Balancing complexity and clarity
Dobni, C. B., M. Klassen, D. Sands. “Getting to Clarity: New Ways to Think About Strategy.” Journal of Business Strategy. 37(5)2016.
The authors explore the balance between complexity and clarity in a company’s strategy. The authors note that in today’s world the competitive environment is more complex and interdependent. They argue that in a complex environment a company should be striving for clarity in their business strategy to create value.
What this means for food and agricultural businesses
Arguing that today’s food and agriculture environment is more complex and interdependent is not difficult. The globalization of the food demand chain has heightened the interdependence between global suppliers, merchandisers and retailers to new levels. In addition, the diversifying demands of consumers as incomes rise has increased the complexity of the marketplace dramatically—whether we are talking about increased animal protein demand in developing countries or the increase in credence attributes of food in rich countries. Couple these complexities with the shifting climate patterns and the resulting fluctuations in agricultural productivity and becomes increasingly difficult to develop and follow long-term strategies using our historical strategy frameworks.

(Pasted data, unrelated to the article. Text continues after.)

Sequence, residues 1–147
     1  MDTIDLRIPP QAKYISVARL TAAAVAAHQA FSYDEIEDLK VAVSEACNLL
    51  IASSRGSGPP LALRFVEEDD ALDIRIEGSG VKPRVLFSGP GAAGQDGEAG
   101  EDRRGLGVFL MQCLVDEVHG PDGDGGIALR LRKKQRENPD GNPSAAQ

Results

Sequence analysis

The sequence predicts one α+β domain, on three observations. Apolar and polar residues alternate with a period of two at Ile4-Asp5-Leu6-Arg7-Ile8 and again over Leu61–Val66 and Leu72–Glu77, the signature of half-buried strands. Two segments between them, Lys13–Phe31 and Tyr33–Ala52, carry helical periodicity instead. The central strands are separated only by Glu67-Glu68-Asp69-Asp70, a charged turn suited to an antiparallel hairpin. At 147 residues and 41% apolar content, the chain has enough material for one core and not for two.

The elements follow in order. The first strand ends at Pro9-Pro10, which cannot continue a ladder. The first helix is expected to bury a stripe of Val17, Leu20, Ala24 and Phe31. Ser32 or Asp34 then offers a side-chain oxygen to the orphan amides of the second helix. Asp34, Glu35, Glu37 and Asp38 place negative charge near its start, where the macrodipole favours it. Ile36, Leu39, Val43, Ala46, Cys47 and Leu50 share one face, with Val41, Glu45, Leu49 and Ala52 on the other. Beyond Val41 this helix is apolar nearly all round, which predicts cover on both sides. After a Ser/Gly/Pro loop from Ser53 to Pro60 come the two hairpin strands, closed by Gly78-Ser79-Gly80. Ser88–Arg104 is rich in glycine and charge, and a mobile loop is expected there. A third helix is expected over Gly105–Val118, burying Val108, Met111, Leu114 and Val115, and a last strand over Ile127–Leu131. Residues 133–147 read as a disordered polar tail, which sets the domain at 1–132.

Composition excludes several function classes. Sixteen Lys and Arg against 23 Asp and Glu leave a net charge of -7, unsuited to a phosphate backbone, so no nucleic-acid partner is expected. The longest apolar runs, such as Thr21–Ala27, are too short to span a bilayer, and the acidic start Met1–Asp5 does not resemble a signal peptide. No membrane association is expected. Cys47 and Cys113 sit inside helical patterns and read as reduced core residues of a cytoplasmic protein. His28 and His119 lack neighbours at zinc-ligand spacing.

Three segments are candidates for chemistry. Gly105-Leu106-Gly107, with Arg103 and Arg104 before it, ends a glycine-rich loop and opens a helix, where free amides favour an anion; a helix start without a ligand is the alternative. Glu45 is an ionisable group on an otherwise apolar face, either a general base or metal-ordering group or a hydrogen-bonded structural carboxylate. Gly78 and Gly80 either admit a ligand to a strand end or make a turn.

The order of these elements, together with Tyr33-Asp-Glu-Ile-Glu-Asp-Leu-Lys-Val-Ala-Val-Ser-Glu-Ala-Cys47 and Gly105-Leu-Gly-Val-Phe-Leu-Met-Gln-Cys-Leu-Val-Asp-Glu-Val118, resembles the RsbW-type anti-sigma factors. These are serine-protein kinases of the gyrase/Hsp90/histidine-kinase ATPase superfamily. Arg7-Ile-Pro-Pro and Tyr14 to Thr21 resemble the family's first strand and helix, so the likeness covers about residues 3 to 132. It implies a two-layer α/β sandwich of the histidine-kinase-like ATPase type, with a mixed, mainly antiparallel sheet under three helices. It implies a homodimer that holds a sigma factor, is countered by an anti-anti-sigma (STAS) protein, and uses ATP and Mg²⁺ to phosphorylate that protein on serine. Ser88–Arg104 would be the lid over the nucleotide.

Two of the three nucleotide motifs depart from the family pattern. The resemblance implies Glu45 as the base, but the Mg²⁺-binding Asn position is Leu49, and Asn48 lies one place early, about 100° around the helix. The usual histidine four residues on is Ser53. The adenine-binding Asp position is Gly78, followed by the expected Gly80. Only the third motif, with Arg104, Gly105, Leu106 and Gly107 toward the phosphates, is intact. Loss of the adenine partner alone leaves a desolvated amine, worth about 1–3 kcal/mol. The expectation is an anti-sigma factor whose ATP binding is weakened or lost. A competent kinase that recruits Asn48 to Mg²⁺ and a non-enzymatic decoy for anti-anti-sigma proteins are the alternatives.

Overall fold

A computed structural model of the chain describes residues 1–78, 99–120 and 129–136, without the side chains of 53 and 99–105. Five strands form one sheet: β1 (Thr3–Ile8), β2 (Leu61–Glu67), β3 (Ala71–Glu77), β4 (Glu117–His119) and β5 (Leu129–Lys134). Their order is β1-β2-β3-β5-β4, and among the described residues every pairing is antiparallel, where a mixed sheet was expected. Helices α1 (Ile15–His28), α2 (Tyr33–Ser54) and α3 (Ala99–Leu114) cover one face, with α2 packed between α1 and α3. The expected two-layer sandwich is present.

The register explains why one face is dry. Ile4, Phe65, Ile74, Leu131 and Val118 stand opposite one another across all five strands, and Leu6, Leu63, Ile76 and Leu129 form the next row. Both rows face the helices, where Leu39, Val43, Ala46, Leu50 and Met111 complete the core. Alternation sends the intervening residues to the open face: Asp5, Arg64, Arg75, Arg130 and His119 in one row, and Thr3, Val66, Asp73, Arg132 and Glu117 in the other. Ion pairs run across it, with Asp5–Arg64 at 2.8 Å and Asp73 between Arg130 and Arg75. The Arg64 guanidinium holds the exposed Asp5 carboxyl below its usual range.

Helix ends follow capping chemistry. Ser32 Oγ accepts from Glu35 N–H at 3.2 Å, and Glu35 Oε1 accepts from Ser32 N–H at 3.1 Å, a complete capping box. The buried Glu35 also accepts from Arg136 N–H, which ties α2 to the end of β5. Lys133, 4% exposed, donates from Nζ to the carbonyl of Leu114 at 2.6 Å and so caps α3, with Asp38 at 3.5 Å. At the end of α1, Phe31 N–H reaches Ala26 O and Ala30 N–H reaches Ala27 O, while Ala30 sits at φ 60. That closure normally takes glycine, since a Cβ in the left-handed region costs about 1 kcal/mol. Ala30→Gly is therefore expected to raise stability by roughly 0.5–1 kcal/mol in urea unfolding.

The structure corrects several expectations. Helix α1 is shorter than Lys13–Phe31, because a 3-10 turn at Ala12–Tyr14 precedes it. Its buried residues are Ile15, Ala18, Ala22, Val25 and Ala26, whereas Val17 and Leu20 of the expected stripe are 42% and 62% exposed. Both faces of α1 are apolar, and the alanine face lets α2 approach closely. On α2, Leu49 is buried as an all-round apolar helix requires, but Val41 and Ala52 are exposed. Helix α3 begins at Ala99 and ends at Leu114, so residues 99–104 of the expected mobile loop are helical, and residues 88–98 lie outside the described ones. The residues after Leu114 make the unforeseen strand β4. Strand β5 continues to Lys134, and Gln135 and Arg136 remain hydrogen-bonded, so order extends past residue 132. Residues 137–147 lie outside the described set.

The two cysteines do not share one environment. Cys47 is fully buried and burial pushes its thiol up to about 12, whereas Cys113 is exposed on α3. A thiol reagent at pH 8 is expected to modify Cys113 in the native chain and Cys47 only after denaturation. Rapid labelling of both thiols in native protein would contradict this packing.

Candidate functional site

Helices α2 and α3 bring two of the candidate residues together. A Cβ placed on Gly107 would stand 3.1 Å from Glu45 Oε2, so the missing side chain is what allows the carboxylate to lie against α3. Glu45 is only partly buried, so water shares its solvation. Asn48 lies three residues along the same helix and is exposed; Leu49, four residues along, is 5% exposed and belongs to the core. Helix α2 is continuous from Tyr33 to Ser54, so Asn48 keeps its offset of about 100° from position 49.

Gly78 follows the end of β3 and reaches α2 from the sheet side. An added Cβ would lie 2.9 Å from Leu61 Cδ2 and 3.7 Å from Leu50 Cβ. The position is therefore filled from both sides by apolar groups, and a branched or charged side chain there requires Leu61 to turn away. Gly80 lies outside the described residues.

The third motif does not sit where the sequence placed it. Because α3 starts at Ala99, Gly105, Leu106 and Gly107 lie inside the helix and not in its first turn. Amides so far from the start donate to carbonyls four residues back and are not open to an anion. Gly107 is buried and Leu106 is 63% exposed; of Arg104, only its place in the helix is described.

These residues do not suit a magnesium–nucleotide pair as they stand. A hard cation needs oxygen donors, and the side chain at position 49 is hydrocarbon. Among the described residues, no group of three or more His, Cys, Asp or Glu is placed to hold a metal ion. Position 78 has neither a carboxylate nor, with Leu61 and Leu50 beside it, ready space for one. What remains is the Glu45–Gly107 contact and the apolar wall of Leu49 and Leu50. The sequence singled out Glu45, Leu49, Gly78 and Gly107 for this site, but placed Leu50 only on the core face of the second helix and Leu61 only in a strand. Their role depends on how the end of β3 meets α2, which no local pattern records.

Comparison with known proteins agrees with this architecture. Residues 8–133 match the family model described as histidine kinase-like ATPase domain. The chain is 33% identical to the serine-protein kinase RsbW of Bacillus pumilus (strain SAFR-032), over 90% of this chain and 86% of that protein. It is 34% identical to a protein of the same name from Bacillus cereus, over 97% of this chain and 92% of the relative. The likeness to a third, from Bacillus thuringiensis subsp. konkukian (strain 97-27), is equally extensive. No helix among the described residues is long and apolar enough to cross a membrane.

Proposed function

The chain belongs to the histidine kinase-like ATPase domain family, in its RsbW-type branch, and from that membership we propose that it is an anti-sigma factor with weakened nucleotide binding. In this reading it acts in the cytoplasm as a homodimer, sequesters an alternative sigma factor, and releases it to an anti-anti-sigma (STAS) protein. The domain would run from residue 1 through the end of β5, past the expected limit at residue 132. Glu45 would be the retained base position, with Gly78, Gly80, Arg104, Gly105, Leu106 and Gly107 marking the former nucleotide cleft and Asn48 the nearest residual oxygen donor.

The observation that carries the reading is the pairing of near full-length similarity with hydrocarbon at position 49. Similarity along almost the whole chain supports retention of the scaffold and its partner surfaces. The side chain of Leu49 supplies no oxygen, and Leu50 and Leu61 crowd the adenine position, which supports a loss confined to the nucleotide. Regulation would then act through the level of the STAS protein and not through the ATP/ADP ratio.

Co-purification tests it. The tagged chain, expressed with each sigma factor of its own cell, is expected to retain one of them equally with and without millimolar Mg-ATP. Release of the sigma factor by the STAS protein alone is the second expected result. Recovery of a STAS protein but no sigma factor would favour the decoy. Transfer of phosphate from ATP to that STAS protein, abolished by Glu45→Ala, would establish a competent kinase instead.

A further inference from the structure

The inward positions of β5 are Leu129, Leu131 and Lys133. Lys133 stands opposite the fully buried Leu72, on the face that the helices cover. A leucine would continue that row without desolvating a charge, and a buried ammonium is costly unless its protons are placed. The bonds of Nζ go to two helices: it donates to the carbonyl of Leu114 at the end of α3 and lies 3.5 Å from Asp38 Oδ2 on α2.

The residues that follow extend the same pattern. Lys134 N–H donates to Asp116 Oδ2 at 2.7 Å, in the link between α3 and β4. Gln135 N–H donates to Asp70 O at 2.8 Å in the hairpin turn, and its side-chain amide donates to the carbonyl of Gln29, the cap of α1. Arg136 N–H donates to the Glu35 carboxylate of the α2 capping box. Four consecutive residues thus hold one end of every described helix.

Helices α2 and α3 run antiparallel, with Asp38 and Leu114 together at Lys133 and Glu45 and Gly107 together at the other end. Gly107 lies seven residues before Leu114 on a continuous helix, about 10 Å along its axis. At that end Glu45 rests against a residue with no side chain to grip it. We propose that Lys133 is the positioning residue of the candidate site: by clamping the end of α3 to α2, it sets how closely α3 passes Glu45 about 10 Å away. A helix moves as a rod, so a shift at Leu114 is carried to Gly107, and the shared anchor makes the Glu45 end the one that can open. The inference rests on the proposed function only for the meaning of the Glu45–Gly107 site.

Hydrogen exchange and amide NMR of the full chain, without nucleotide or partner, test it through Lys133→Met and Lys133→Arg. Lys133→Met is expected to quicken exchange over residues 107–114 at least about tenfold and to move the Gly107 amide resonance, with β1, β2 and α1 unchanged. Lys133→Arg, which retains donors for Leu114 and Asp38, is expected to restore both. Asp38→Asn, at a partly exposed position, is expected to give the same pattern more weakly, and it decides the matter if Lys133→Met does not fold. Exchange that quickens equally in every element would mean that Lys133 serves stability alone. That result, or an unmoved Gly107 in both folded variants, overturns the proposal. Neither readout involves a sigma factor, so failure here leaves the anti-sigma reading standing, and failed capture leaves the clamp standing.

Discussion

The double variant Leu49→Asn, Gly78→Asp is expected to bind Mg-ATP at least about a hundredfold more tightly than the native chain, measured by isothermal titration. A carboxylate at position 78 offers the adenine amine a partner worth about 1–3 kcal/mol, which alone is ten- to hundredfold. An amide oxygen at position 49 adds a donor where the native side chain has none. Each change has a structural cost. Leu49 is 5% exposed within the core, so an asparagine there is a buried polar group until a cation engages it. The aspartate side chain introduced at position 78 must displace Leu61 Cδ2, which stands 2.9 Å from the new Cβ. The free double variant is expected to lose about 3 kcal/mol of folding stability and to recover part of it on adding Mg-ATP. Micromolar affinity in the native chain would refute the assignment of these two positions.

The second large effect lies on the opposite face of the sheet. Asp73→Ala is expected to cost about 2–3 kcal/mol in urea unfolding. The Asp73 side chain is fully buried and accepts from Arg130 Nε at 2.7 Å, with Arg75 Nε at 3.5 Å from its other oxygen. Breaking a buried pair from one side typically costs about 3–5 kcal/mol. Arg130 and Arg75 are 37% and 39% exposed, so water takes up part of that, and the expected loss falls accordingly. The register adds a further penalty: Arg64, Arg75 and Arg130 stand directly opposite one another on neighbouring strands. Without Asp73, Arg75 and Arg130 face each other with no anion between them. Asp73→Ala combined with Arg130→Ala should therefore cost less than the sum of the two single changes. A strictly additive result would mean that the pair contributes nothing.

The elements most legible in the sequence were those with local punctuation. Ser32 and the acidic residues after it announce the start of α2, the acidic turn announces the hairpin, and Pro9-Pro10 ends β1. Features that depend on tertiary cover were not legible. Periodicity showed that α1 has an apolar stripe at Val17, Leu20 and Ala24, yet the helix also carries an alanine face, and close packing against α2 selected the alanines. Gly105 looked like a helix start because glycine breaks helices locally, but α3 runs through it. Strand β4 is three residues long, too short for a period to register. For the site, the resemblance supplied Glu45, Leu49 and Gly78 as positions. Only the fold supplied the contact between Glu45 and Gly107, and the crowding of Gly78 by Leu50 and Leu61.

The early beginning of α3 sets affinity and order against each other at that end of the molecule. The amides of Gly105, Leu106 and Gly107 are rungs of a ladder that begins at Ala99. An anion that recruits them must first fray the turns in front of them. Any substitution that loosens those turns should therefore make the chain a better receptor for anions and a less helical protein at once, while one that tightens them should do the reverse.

Figure 1. Clarity Framework. Adapted from Figure 1 “Getting to Clarity: New Ways to Think About Strategy.”
Dobni and her co-authors argue in this paper that company leaders should pursue simplicity and clarity in their strategy in times like those we are facing in our industry today. Their clarity framework, shown in Figure 1, illustrates the need to focus on five key questions and a set of associated clarity actions. The five key questions we should be asking are:
Can managers articulate the strategy? The authors in this report suggest that we should be able to agree on the primary value driver in our organization or clearly articulate our competitive advantage. Yet, most of us struggle with this and therefore run the risk of losing focus on the things that truly drive value in our companies. How well do the managers in our organization really understand our strategy? More importantly, can they clearly synthesize our strategy in 35 words or less? While it might seem straightforward to create these statements, it never ceases to amaze me how much we struggle to get to this level of strategic clarity. If we, as managers, can’t be clear about our strategy, how will our employees and customers be clear about our strategy?
Are we able to recognize shifting opportunities? The unpredictability of markets and competition within the food and agricultural industries increasingly results in the blurring of industry boundaries; and, the profit pools that exist in the industry can shift rapidly. To operate in this environment requires us to move much quicker to capture advantages. The tried and true concepts of building sustainable advantages over a period might not be good enough in this environment. The key is to be able to act on real opportunities in real time. The authors in this paper suggest we should be asking: “Is our strategic position clear enough?” and “Does our strategy have clear tactics on how to compete?” Answering these questions would allow us to execute on real opportunities when they arise at a much faster pace.